Common asthma triggers
Common Asthma Triggers You Should Know About
Asthma is a serious, chronic condition in which airways become inflamed and constricted, leading to difficulty breathing and–in rare cases–death. If you or someone you love has asthma, it’s vital to know the most common asthma triggers.
Allergies can temporarily irritate your respiratory system and flare up your asthma. Try to avoid or reduce contact with your usual allergens, especially those that are airborne, like seasonal pollen, dust mites, pet dander and mold spores.
Stress can flare up any chronic inflammatory condition, and asthma is no exception. Monitor your stress level and develop ways to manage it, whether that’s through meditation, yoga or anything else that helps you relax. Still, even strong emotions like a burst of laughter or torrent of tears could bring on an attack, because breathing under these conditions can be strenuous.
High-intensity exercise like running, especially in cold or extremely dry conditions, can bring on asthma attacks or even asthma-like symptoms in people who might not normally have asthma. This is called, creatively, exercise-induced asthma. This does not mean you can’t exercise if you have asthma; you just have to be smarter about it, easing into higher intensity levels and keeping an eye on the weather conditions. You may have difficulty breathing after about five minutes into your workout, but often this subsides after about 20 or 30 minutes. Some asthma sufferers choose to swim instead of run; researchers believe that the warm, moist air at the surface of the water makes breathing easier during exercise.
If you smoke, you’re almost guaranteeing an asthma attack because of all the irritating particles you’re breathing into your lungs. Quit smoking if you have asthma. Many health care organizations offer smoking cessation programs, and you may even save on your health insurance by quitting.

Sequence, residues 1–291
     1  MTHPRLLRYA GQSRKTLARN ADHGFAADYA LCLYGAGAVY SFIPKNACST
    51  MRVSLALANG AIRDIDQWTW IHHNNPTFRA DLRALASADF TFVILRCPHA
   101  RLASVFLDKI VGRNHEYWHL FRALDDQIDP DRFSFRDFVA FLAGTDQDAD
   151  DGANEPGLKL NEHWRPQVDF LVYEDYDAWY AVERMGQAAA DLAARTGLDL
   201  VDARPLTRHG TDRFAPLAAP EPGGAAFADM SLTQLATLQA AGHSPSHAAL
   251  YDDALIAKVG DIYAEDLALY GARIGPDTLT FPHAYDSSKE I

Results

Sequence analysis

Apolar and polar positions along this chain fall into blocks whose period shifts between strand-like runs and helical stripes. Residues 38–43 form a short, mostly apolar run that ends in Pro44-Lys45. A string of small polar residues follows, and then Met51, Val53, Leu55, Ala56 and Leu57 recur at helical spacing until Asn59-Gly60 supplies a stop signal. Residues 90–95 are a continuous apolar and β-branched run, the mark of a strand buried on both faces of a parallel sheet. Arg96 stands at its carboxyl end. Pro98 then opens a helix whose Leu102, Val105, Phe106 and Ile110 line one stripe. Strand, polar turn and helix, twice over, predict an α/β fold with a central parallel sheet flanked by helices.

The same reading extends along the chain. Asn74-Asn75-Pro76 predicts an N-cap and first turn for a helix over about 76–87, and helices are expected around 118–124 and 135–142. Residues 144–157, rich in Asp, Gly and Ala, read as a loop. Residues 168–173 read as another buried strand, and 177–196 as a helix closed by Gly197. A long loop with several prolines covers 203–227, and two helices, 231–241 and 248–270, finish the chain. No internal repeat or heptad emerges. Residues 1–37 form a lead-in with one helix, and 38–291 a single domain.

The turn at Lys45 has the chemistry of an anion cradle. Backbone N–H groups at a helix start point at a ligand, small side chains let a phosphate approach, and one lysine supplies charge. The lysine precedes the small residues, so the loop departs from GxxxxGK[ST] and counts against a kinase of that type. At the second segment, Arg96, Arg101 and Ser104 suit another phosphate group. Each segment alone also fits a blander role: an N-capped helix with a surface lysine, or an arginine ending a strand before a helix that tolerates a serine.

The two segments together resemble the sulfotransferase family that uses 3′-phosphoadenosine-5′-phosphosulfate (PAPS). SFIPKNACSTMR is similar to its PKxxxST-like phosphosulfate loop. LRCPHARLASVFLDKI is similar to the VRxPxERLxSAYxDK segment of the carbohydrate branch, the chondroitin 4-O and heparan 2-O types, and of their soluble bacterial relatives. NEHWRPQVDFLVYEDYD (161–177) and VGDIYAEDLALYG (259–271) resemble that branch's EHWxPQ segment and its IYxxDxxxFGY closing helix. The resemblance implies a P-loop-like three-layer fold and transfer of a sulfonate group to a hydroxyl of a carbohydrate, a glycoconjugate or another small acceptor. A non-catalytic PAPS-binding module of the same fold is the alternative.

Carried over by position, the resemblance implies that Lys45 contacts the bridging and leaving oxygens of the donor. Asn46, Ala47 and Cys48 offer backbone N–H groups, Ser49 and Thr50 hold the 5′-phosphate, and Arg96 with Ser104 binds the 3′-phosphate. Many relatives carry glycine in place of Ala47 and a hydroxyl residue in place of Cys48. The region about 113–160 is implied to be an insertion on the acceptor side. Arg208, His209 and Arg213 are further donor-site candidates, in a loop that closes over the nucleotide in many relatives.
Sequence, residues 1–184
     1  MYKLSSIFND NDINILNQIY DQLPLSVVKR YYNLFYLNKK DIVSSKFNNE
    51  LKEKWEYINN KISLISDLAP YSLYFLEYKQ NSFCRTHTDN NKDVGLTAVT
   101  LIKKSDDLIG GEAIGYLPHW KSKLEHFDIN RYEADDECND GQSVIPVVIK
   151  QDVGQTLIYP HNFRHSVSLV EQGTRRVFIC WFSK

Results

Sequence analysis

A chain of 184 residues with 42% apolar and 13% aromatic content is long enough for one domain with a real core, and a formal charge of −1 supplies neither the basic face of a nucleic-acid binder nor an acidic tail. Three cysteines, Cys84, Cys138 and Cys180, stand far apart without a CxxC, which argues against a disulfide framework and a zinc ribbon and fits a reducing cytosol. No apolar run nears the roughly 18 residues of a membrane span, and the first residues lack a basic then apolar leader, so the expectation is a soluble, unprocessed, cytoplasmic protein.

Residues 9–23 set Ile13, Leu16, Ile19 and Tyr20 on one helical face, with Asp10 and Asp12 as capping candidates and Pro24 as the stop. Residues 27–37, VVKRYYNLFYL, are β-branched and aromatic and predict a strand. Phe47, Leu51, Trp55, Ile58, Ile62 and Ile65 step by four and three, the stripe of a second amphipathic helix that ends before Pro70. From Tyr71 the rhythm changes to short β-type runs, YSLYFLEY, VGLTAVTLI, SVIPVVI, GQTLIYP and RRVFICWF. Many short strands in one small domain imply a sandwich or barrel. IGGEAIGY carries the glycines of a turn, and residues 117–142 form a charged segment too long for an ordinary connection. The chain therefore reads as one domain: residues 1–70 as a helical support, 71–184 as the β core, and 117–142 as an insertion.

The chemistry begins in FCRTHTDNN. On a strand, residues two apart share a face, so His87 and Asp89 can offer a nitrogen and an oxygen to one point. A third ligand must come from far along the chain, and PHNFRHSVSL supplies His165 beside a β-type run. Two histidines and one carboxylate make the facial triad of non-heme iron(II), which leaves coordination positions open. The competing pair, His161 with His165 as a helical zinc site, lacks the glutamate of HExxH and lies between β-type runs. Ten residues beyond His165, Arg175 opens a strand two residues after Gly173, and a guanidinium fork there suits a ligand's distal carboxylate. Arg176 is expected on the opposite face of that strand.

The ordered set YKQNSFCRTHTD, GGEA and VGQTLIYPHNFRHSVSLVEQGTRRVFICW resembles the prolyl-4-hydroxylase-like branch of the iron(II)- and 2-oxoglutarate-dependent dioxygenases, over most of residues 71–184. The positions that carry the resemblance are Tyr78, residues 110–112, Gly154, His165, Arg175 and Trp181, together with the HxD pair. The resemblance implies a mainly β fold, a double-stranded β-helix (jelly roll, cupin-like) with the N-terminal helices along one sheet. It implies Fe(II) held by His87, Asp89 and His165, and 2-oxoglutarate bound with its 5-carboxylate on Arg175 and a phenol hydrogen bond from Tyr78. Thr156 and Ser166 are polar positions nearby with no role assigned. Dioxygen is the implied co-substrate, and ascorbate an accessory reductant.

Research has found that almost 90 percent of people with asthma suffer from severe heartburn, also called gastroesophageal reflux disease–or GERD, which usually occurs when you are lying down or sleeping. If digestive acids back up as far as your throat, or if they get into airways, they could irritate tissues and bring on an asthma attack. Fortunately, GERD is diagnosed with a simple test and treated with medication or lifestyle strategies.
Coming down with a cold or other respiratory infection, like influenza or bronchitis, can trigger asthma, because your respiratory system is irritated. If you get sick, follow your doctor’s recommendations. It’s important to treat any bacterial infections promptly to avoid making your asthma worse.
Asthma is nothing to mess around with. If you have asthma, you might be controlling it with medications. But it’s also important to know the most common asthma triggers.
WebMD, “Asthma Causes and Triggers” https://www.webmd.com/asthma/guide/asthma-triggers?page=1
WebMD, “What Allergies Cause Asthma?” https://www.webmd.com/asthma/guide/allergies-asthma
American Academy of Allergy Asthma and Immunology, “Exercise-Induced Asthma” https://www.aaaai.org/patients/publicedmat/tips/exerciseinducedasthma.stm
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